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Wednesday, October 24, 2007

California in flames : Fires cause mass evacuation

At least 900,000 people have been evacuated to temporary shelters in southern California as wildfires rage out of control across the state.

More than a dozen fires blazed from north of Los Angeles to the Mexican border, 240km south, destroying more than 1,500 buildings, blotting out the sun with smoke and raining ash on the streets.

Most of the destroyed homes were in the southern end of the state near San Diego, where three major wildfires burned.

The flames, fanned by fierce desert winds, claimed their second victim as they burned for a third day.

Officials said an unidentified civilian had died of burns in Santa Clarita north of Los Angeles on Tuesday, the second reported death after the body of a 52 year-old man was found on Sunday.
California in flames

More than 500,000 people evacuated

Emergency declared in most of California

Two dead and dozens more injured, including firefighters

More than 1,250 homes lost in San Diego, 68,000 threatened statewide

About 6,000 firefighters battling flames

Dozens more have been reported injured, including 16 firefighters.
Walls of flame spread quickly from mountain passes to the coastline as dozens of new blazes threatened to engulf more buildings.
Al Jazeera's Kelly Rockwell, reporting from Rancho Bernardo in South California, said in some areas, the fires were raging out of control.
She quoted one official as saying all firefighters could do was to get out of the way of the fires in one district.

Kirk Humphries, San Diego Fire Captain, said: "If it's this big and blowing with as much wind as it's got, it'll go all the way to the ocean before it stops."

"We can save some stuff but we can't stop it."
Upper hand
Officials were hoping that winds would ease and humidity would rise allowing them to gain the upper hand.
Rockwell said that in some areas, the winds had been starting to die down as of Tuesday evening, but hotter temperatures and fierce wind were forecast.
Hotter temperatures and hot Santa Ana winds blowing in from the desert at up to 105kph were expected to last at least until Wednesday afternoon.
The fires were exploding and shooting embers in all directions, preventing crews from forming traditional fire lines and severely limiting aerial bombardment, officials said.
Thousands of evacuees, as well as horses and family pets, sought shelter at fairgrounds, schools and community centres, with the biggest gathering of up to 10,000 at the Qualcomm football stadium.
Rockwell said some evacuees were staying with church groups and strangers who had opened up their homes.
State of emergency
Arnold Schwarzenegger, California's governor, declared an emergency in most parts of the state, saying that 68,000 homes were threatened statewide with at least 18 firefighters injured among the 6,000 manning the fire lines.

A satellite image showing fire hotspots
across California [Reuters/Nasa]
"We have had three things come together – very dry areas, very hot weather and a lot of wind," he said. "This makes the perfect storm for fire."
But he said the response to the fire had been very quick unlike previous calamities.

Schwarzenegger also asked George Bush, US president, to upgrade the wildfires to a "major disaster", which would trigger federal help.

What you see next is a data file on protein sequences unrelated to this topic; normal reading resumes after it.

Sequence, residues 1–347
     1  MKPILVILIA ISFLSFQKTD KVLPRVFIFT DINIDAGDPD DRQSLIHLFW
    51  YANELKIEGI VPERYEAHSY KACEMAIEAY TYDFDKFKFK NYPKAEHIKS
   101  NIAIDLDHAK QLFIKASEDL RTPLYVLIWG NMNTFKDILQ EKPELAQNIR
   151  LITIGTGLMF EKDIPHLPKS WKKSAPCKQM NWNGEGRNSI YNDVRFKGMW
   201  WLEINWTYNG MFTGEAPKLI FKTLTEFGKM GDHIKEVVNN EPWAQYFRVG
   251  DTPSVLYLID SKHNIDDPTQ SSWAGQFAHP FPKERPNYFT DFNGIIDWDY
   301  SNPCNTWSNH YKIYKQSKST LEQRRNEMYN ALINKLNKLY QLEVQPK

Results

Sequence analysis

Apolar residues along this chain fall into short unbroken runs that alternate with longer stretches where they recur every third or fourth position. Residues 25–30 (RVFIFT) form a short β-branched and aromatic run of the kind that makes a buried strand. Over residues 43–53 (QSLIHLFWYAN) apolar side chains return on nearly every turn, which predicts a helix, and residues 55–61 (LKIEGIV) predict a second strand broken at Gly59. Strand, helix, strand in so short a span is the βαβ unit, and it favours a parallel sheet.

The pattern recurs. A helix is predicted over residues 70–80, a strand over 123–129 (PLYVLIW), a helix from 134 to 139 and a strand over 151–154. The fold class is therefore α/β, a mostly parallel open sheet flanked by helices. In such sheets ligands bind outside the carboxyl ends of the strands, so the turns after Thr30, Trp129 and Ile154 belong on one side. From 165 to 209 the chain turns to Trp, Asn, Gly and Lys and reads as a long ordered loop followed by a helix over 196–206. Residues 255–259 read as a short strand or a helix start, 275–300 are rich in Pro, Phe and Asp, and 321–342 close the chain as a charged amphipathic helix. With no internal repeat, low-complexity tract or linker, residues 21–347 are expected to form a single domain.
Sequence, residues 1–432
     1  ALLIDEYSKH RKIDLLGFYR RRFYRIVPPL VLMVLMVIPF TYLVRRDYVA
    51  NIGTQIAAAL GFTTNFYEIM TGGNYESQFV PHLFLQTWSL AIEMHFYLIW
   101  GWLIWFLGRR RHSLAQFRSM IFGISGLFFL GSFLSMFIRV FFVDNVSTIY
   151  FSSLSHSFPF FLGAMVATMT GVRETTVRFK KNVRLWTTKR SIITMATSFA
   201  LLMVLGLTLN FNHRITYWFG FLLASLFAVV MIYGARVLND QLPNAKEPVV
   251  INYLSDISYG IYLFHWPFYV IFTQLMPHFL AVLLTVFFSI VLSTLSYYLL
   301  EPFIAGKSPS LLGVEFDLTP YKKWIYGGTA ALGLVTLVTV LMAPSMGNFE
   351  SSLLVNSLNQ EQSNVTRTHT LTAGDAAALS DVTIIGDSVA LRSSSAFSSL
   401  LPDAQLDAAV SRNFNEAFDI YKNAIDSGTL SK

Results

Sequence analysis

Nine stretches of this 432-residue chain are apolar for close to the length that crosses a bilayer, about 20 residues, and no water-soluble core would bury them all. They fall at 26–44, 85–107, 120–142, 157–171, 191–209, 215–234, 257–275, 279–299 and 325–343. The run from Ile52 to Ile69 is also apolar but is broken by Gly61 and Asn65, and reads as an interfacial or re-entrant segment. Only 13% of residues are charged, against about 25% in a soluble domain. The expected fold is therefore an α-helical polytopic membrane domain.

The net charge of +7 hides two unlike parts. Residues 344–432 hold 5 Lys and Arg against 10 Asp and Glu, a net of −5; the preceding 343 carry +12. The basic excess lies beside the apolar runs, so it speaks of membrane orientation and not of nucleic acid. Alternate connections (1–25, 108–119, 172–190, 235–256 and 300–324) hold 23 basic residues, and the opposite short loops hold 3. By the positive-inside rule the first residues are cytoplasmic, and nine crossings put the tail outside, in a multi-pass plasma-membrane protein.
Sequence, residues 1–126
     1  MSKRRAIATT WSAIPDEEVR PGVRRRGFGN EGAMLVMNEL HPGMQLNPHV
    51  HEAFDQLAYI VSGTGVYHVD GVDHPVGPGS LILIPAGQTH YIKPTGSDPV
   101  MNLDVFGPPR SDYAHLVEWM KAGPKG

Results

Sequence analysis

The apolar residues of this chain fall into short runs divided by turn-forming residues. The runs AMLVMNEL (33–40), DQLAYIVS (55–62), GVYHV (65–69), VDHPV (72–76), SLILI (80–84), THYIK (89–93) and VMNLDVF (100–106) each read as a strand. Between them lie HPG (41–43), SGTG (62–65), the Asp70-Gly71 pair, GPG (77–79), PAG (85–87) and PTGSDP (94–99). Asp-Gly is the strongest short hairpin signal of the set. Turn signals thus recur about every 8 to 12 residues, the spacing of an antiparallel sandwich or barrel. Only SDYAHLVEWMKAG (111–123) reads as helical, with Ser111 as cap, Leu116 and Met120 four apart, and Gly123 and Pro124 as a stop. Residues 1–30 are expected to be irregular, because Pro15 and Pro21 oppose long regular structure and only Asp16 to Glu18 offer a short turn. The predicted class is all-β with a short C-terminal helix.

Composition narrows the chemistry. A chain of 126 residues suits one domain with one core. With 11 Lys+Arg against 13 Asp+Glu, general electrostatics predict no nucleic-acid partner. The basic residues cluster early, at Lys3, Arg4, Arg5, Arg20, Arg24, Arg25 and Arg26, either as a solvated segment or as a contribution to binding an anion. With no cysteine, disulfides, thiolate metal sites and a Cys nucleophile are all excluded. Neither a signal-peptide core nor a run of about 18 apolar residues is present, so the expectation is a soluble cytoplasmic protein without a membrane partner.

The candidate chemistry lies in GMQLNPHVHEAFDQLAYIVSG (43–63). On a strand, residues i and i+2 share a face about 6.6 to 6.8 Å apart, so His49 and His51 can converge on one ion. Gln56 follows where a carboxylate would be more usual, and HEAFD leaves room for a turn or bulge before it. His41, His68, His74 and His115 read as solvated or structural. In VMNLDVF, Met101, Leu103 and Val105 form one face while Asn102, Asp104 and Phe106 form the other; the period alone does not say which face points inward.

According to Ron Lane, San Diego county emergency services director, damages from the wildfires are expected to exceed $1bn.

He said: "Based on initial estimates, just the homes damaged will be over $1 billion."

State officials estimate that the fires have covered at least 1,510 sq kilometres.
Katrina lessons
Early on Tuesday, George Bush, the US president, declared an emergency in the state and authorised the Federal Emergency Management Agency to co-ordinate disaster relief in seven affected counties.

"All of us across this nation are concerned for the families who have lost their homes and the many families who have been evacuated from their homes," he said.

"We send the help of the federal government."
Dana Perino, the White House press secretary, said the government was applying lessons learnt from Hurricane Katrina in responding to the crisis.
The Pentagon also sent troops, firefighting equipment and humanitarian supplies on Tuesday to help overwhelmed California authorities.
The White House said the president planned to visit the fire-stricken area on Thursday.

Tuesday, October 23, 2007

Nato air raid kills 11 from Afghan family

At least 11 members of one Afghan family have been killed in a Nato-led air raid in Wardak province near the capital Kabul, according to local officials.

The International Security Assistance Force in Afghanistan said on Tuesday that it was probing the claims, while the Afghan defence ministry said it was "12 enemies" that had been killed.

"In the bombardment ... 11 people from one family, including women and children were killed," Haji Janan, provincial council leader, told Reuters news agency.

"The only survivor from the family is a man who is hospitalised and can't speak."

Janan also said that eleven of the family's neighbours were wounded in the air raid in the town of Jalrez, 30km west of the capital.

"As of this moment we don't have reports of civilian casualties," Major Charles Anthony, Isaf spokesman, said.

He said about 50 "anti-government militants" were trying to set up an ambush before fighter aircraft dropped two bombs on their position on Monday.

Anthony said soldiers had been on the ground to guide the bombs to their targets. He said Isaf had "no evidence" that the bombs hit a housing compound.

Security 'deteriorating'

A US-funded survey meanwhile said that Afghans feel that security has deteriorated since last year and is the biggest problem facing the country.